Facebook recently announced the gradual launch of Facebook Shops over its platforms. The current quarantine situation has pushed the American giant to look for solutions to help small businesses and their customers stay connected.
The company’s various apps (Facebook, Instagram, WhatsApp and Messenger) are being used more than ever as gathering places for users and their friends and families.
The massive and unexpected increase in the use of its platforms has enabled Facebook to increase its 2020 Q1 earnings by 18% compared to the previous year, despite a significant drop in advertising demand and costs.
In conjunction with the previous Facebook Small Business Grants Program announcement, Facebook Shops is being presented as a response to the challenges businesses are facing in the current situation.
Unlike the subsidy program though, there is little doubt that Facebook Shops has been a part of Facebook’s plans for some time. For several years now, the platform has offered features which allow companies to promote their products, in particular Facebook Marketplace and non-transactional showcases on pages. Facebook Shops should, however, take the experience to the next level, much like the launch of Instagram Checkout in 2019 (or its Buy Button test in 2014).
At the Facebook Summit in Toronto in 2019, the consumer buying experience and the different frictions this might entail were at the heart of many of the sessions. Instagram Checkout was unveiled, which would allow certain American advertisers to sell the products presented in their photos and videos directly on the platform (in exchange for a service fee), without the user having to leave the interface.
Similarly to Instagram Checkout, Facebook Shops will gradually allow companies to present and sell products on their Facebook page or Instagram account over the next few months. The big difference compared to the product catalogs that are already available will be the opportunity for companies to brand their shops, and for users to make in-app purchases.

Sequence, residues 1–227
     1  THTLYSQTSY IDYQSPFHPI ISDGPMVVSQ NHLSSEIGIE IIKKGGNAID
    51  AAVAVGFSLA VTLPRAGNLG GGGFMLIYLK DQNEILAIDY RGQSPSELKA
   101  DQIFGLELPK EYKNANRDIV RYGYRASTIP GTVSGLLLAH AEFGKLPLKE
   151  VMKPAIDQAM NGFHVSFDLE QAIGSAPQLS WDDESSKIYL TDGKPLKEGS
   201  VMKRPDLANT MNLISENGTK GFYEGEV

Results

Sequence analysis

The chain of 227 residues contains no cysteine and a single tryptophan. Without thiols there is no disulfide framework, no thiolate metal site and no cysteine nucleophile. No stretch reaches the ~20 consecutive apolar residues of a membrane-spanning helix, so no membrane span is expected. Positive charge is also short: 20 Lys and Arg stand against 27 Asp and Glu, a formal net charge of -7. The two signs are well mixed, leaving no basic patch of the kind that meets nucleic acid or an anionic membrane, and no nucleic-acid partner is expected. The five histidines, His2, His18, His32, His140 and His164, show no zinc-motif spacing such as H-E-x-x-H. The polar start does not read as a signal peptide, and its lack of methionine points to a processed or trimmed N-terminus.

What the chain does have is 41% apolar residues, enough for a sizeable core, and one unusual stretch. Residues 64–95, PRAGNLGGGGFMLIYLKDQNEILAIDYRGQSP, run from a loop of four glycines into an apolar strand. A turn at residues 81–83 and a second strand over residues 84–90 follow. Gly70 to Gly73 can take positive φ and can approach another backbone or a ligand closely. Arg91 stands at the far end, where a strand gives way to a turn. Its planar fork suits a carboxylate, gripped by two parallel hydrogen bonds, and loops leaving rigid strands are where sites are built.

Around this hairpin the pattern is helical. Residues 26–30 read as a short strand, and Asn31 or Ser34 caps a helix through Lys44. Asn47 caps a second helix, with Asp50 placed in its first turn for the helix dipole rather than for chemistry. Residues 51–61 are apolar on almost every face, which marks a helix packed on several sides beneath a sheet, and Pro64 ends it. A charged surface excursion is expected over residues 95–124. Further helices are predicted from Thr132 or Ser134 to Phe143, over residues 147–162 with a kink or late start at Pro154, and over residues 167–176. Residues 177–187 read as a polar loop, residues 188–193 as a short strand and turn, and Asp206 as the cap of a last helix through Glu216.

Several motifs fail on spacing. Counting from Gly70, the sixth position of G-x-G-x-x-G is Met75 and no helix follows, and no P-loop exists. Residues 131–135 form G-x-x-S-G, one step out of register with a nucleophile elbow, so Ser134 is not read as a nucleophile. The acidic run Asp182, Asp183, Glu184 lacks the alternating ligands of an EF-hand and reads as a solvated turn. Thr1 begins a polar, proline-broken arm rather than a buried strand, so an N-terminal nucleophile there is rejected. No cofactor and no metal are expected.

New: Facebook Shops on Instagram
Users will be able to find these shops by searching for company pages or profiles, through stories and of course… through advertisements. Facebook is looking to support small businesses affected by the crisis, which are at the heart of its income generation. The solution comes in response to a recent Facebook study on the state of SMEs in the US:
Setting up a shop is free, and there’s no membership fee. As Mark Zuckerberg said during the introduction of Facebook Shops, Facebook is not looking to change its business model and will remain focused on generating advertising revenue. Companies wishing to expand the reach of their shop to a larger audience than that of their page will have no choice than to advertise.
Once a product has been selected, the user will have the choice between carrying out the transaction on the company’s website or in the application. The in-app transaction option will only be available in the United States at first and will have transaction fees of 5% per order, or $0.40 per order when the amount is less than or equal to $8.00.
It will also be possible to ask an employee of the company for help, ask questions or follow up on deliveries in Facebook Shops via WhatsApp, Messenger or Instagram Direct. In this regard, the next step for Facebook will be to develop access to shops within its messaging applications, or even to allow transactions to happen directly within them, like the Chinese application WeChat.
As part of the same launch, Facebook Shops on Instagram will officially become Instagram Shop later this year, with the opportunity to find products via Instagram Explore or to access shops via a new native tab. Pending the arrival of these additions, users will be able to consult brands’ stores through their Instagram profiles. Ultimately, Facebook is even talking about integrating loyalty programs — which were previously only available in stores — into the app.
In a world where websites are becoming “boutiques” in a sea of others, it is more essential than ever to have a robust inventory and a good product management structure. A shop rating system will be put in place that will allow Facebook to warn or ban companies that have repeat inventory issues or that simply do not deliver the products displayed.
Shops’ inventory can be added manually, but products can also be loaded through partners. Here’s how. Facebook is currently collaborating with Shopify, BigCommerce, Woo, Channel Advisor, CedCommerce, Cafe24, Tienda Nube and Feedonomics. With these, companies will be able to manage their Facebook Shops in an integrated way and make the dream of “frictionless” transactions a reality, from product discovery to delivery.
Much like the various government aid programs and subsidies, Facebook Shops is currently declaring itself an additional aid to small businesses, particularly those that have lost their brick and mortar presence before having the chance to begin a digital shift.
That said, even when the crisis is over, it is a safe bet that Facebook Shops will remain in our modern digital landscape, with the potential for native integration with bigger players like Magento, SalesForce or Oracle Commerce, and will become a new channel for promotions and full-fledged product distribution.